Obesity: eating some fiber improves glucose control

Eating some fiber and increasing the production of short-chain fatty acids in the gut would improve insulin sensitivity and glucose control in obese or overweight people.

In a population of overweight or obese individuals, producing short-chain fatty acids by the gut microbiota by eating highly fermentable fiber plays an anti-inflammatory role throughout the body and improves insulin sensitivity. This result is obtained from a controlled study with all the criteria of methodological quality, which is rare in nutrition. It is published in the journal Gut.

A quality study

The study compared the administration of a highly fermentable dietary fiber precursor (inulin-propionate ester) to a diet rich in low fermentable fiber (cellulose). Inulin-propionate ester is a dietary supplement in the form of a powder, which is degraded by propionate bacteria in the intestine and then into short chain fatty acid.

It has already been shown that short-chain fatty acids (SCFA), which are therefore products of the bacterial fermentation of certain dietary fibers by bacteria in the colon, are involved in our sugar metabolism and improve the sensitivity to insulin.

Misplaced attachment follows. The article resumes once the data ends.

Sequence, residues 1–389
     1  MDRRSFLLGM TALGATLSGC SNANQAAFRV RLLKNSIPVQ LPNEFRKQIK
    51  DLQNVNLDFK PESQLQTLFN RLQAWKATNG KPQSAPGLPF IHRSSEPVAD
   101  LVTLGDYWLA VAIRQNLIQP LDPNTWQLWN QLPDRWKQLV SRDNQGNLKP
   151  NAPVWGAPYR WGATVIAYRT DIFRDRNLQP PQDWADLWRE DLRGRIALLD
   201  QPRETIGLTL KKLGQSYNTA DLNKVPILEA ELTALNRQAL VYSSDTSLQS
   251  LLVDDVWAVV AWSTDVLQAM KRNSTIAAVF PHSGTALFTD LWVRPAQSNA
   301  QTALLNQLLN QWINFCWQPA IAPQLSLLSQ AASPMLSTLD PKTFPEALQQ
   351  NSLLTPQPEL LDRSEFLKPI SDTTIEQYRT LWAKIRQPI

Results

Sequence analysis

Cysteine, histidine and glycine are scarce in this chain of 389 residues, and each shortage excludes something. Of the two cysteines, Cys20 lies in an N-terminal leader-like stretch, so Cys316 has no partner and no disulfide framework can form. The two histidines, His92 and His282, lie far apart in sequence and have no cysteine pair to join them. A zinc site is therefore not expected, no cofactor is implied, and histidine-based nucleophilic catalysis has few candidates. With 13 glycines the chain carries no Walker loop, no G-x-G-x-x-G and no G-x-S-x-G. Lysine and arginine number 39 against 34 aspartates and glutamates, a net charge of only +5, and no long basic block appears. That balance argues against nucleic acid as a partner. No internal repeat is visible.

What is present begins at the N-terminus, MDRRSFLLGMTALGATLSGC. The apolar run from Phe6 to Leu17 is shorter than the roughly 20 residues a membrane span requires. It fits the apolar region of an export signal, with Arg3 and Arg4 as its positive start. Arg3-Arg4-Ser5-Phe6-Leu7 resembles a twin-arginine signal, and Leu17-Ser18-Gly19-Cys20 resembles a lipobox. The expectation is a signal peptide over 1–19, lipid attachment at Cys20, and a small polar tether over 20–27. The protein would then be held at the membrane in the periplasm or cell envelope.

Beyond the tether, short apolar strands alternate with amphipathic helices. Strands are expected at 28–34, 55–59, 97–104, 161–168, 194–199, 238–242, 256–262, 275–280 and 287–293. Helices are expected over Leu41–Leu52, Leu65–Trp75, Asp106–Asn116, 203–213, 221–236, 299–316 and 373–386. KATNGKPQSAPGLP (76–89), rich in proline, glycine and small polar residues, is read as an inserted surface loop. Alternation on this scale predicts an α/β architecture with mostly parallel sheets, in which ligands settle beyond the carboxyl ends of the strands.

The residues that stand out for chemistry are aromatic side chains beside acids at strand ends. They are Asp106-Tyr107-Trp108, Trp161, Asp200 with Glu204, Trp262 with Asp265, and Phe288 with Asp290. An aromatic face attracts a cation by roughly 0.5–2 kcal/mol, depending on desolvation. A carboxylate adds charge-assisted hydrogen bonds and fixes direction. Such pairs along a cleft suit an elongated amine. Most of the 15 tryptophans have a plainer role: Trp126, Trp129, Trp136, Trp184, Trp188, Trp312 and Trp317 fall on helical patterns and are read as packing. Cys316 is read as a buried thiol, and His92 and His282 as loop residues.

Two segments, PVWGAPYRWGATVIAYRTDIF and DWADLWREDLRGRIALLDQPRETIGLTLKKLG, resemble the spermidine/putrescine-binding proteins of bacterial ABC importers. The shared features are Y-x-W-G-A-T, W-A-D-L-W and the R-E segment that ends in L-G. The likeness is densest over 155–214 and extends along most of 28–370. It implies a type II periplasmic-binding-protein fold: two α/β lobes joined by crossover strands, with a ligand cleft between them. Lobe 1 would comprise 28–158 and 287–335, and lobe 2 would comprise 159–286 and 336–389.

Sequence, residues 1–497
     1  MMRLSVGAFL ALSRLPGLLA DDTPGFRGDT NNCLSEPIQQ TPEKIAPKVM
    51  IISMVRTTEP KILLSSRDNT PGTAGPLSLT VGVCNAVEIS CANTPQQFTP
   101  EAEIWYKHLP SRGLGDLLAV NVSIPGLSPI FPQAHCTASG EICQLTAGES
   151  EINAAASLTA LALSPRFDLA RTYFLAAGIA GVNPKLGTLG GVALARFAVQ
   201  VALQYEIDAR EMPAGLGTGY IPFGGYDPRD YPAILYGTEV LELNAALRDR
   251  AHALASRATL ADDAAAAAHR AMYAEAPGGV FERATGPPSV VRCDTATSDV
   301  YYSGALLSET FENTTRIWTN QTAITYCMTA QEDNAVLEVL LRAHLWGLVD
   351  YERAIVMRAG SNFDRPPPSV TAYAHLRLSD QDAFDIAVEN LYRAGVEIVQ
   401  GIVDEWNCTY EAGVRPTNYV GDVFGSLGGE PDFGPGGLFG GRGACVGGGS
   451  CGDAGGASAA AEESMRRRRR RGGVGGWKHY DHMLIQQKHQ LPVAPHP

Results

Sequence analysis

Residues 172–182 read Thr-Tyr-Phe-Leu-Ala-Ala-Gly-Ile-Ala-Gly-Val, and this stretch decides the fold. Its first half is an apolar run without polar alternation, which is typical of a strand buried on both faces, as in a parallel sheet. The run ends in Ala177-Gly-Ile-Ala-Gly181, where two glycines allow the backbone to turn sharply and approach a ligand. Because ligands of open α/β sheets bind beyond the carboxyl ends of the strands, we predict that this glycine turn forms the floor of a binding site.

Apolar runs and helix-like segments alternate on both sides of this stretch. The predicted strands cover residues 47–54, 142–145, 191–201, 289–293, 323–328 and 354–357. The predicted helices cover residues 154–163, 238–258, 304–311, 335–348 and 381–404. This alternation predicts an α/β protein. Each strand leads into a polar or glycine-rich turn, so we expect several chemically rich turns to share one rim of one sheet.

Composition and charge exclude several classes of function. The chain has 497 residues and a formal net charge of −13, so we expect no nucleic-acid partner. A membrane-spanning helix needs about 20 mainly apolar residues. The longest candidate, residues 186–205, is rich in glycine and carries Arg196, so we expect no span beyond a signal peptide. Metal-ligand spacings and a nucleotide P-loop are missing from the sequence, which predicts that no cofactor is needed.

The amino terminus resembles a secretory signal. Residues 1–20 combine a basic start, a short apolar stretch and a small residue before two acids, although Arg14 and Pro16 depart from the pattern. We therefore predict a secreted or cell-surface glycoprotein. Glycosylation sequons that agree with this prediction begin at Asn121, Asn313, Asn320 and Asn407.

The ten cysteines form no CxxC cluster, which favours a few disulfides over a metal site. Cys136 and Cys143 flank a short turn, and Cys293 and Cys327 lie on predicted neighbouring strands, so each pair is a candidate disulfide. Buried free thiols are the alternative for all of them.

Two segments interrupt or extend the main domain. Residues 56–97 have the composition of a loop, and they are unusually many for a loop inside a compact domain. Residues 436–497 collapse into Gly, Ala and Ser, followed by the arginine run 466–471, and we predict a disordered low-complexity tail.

An anti-inflammatory role

This new study analyzes the mechanisms underlying the action of the inulin-propionate ester. To do this, the researchers analyzed the intestinal bacterial composition, the plasma metabolome and the immune responses of 12 obese or overweight volunteers, but not diabetics.

Each of them received either 20 grams per day of inulin-propionate ester, delivering propionate into the colon, a highly fermentable fiber, or the same amount of a non-fermentable fiber, cellulose, which plays the role of placebo, and this in 42-day sequences. The scientists analyzed the participants' metabolic responses, inflammatory markers and intestinal bacterial composition.

The researchers found that the inulin-propionate ester improved insulin resistance, especially on an empty stomach. Inulin-propionate also promoted changes in bacterial populations (resulting in an increase in the number of actinobacteria and a decrease in the number of Clostridia). More precisely, it has favored a bifidogenic effect.

The limits of this research

According to the researchers, these data demonstrate that the administration of propionate in the colon in humans has a major physiological impact and that this benefit can be obtained by eating fermentable fiber or by taking a dietary supplement that delivers this type of fiber.

The improvement in insulin sensitivity promoted by inulin-propionate with different effects in populations of intestinal bacteria and markers of systemic inflammation, new studies will be needed, on a larger panel of people.

It would have distinct effects on the intestinal microbiota (populations of bacteria in the intestine), on the plasma metabolome (used to identify new biomarkers predicting the risk of developing certain pathologies) and decrease systemic inflammatory responses.

Video: Late-night eating and melatonin may impair insulin response (December 2019).